Essential Reading for the Whole Woman

Uterine Prolapse

Uterine prolapse is less common by itself than cystocele or rectocele. The reason is that cystocele and rectocele tend to occur together and their front and back bulges into the vagina tend to prevent the uterus from descending.

In my case, my profound uterine prolapse was caused by a bladder suspension surgery to the point where my cervix was protruding well beyond my vulva. The pulling, bulging and chafing were very uncomfortable and I struggled with the condition for many years in spite of recommendations to have a hysterectomy, which I refused to do.

If you have read my articles on cystocele and rectocele (which I strongly recommend) you have learned that the uterus is positioned forward over the bladder, and lies directly behind the front abdominal wall.

Many women who love to exercise struggle with their poochie belly, which seems to persist in spite of their pursuit of “six pack abs”. In fact, your poochie belly is home to your bladder and uterus.

The Perils of Conventional Posture

The conventional posture that is taught to women, tuck your butt, flatten your belly, and pull your shoulders back is great military posture for men, but terrible for women. It is the natural and pronounced curvature of the lower back, or lumbar spine, so characteristic of the female shape, that allows your organs to remain where they belong, over the horizontal pubic bones and in the hollow of the lower belly.

Lumbar curveYoung girls assume this posture completely naturally, and lumbar curvature is what makes the female shape so graceful. This three year old is a classic example of the natural and spontaneous spinal shape.

Lifting the chest and relaxing the lower belly tends to align the female spine to its natural curvature. Then gravity and intra-abdominal pressure caused by your diaphragm descending with every breath you take, can pin your organs into their normal and natural locations.  

Vesalius

Where Did Medicine Go Wrong?

It’s hard to believe, but more than five hundred years ago Andreas Vesalius, who became the most influential medical illustrator, drew the pelvis incorrectly, like a basin with its opening at the bottom.

Amazingly, the medical literature has propagated this misconception ever since. It wasn’t until the mid 1950s that anyone, in this case J.W. Davies, MD, published a journal article suggesting that if the pelvis were actually oriented as illustrated, you would dislocate your pubic bones every time you took a step.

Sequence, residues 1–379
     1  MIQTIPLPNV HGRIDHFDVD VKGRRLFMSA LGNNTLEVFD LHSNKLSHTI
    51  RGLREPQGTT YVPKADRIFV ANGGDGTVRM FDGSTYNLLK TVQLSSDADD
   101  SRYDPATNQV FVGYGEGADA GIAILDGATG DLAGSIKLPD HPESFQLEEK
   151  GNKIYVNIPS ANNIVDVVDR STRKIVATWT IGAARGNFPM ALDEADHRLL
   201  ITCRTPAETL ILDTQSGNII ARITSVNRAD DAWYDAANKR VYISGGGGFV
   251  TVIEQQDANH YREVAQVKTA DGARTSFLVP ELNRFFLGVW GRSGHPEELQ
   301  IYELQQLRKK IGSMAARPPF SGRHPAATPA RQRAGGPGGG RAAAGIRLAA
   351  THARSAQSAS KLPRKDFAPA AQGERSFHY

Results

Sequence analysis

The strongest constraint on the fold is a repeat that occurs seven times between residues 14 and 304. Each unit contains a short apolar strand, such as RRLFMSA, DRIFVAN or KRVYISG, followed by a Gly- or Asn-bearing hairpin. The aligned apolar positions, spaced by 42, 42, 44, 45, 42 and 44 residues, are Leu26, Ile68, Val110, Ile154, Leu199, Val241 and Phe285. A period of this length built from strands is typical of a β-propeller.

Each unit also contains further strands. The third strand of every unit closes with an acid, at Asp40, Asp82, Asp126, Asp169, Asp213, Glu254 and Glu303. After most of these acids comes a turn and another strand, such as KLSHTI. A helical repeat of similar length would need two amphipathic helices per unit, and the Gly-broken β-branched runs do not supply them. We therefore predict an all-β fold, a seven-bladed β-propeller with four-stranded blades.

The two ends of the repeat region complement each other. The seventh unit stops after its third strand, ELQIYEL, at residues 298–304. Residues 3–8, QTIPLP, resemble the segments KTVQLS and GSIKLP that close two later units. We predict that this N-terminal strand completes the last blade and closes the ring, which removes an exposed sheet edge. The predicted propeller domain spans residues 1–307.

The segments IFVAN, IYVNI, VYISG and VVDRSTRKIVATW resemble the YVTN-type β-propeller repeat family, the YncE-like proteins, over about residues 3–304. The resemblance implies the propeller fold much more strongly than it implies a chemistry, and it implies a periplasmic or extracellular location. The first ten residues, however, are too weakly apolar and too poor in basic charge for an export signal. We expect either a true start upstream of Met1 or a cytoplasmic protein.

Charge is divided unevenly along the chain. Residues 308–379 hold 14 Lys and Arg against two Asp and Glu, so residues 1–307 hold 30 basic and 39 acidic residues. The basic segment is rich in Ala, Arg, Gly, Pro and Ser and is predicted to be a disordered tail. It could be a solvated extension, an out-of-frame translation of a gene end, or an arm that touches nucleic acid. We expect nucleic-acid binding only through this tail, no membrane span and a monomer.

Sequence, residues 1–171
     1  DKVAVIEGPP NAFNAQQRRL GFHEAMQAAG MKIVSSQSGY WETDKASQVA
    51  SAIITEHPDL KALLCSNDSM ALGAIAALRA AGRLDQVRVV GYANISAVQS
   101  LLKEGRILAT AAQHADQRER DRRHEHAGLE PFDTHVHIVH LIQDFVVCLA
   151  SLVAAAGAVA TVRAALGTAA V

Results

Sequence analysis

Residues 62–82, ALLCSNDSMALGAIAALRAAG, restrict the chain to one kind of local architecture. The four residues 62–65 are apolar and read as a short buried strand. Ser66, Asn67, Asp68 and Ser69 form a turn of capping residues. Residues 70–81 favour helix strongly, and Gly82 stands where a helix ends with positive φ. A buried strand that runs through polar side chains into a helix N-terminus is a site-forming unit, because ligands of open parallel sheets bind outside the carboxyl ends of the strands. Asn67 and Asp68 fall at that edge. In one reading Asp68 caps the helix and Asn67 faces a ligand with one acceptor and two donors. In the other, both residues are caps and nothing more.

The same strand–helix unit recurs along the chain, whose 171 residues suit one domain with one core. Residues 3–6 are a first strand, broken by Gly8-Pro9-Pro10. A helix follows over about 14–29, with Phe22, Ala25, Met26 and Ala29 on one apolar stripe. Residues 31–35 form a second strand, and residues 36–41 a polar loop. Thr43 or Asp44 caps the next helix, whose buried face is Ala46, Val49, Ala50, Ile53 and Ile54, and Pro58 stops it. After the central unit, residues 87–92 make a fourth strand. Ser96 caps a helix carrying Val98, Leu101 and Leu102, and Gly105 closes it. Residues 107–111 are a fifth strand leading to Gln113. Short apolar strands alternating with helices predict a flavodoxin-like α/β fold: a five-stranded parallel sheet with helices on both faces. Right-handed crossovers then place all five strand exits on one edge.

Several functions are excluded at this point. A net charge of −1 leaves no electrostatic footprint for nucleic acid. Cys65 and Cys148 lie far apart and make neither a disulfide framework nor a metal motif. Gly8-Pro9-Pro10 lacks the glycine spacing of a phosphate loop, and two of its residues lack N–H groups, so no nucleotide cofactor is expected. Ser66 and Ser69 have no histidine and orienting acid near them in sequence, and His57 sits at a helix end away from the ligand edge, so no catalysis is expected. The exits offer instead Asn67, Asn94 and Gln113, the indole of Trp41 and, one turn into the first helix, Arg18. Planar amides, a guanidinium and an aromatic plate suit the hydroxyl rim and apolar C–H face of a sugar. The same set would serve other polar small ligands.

The article was ignored for thirty years until a couple of veterinarians, Drs. Stromberg and Williams, published an article in the Journal of Biocommunications suggesting the medical system really needed to rethink human pelvic orientation. In 1996, Linda Brubaker, MD, in her medical text, The Female Pelvic Floor appropriated Davies’ work (without giving him any credit) and for the first time a more accurate pelvic orientation began to be taught to doctors.

Correct pelvic orientationHowever, the rest of the illustrations in her book are incorrect and pelvic orientation continues to be misunderstood, not just by gynecology, but by orthopedics as well. This illustration shows the front view of the correct pelvic orientation and accurately illustrates what is actually the pelvic “wall” at the back. The true bony pelvic floor is formed by your pubic bones.

Change the Posture, Change the Prolapse

What all this means to you is first, by understanding and working with your correct pelvic orientation, you can be confident in restoring your natural spinal curvature. My motto for the last twenty years has been, “Change the posture, change the prolapse.”

Secondly, it means that the engineering behind all the “corrective” prolapse surgeries is built on a profoundly flawed understanding of female anatomy. What works surgically when a woman is anesthetized and flat on her back on a surgical table is not likely to work when she stands up and gravity asserts itself.

Learning the natural female Whole Woman posture, and exercising to make it comfortable to hold while you sit, stand, walk, run, lift and carry, will bring about improvement in your symptoms. For younger women this will happen quickly. Older women will take longer. Women often comment that the posture feels strange at first, but once it becomes a habit, it feels completely natural.

You are the only one who can improve your prolapse. Learn the posture and then listen to your body. Your symptoms will tell what you are doing correctly, and what still needs work.

Christine Kent
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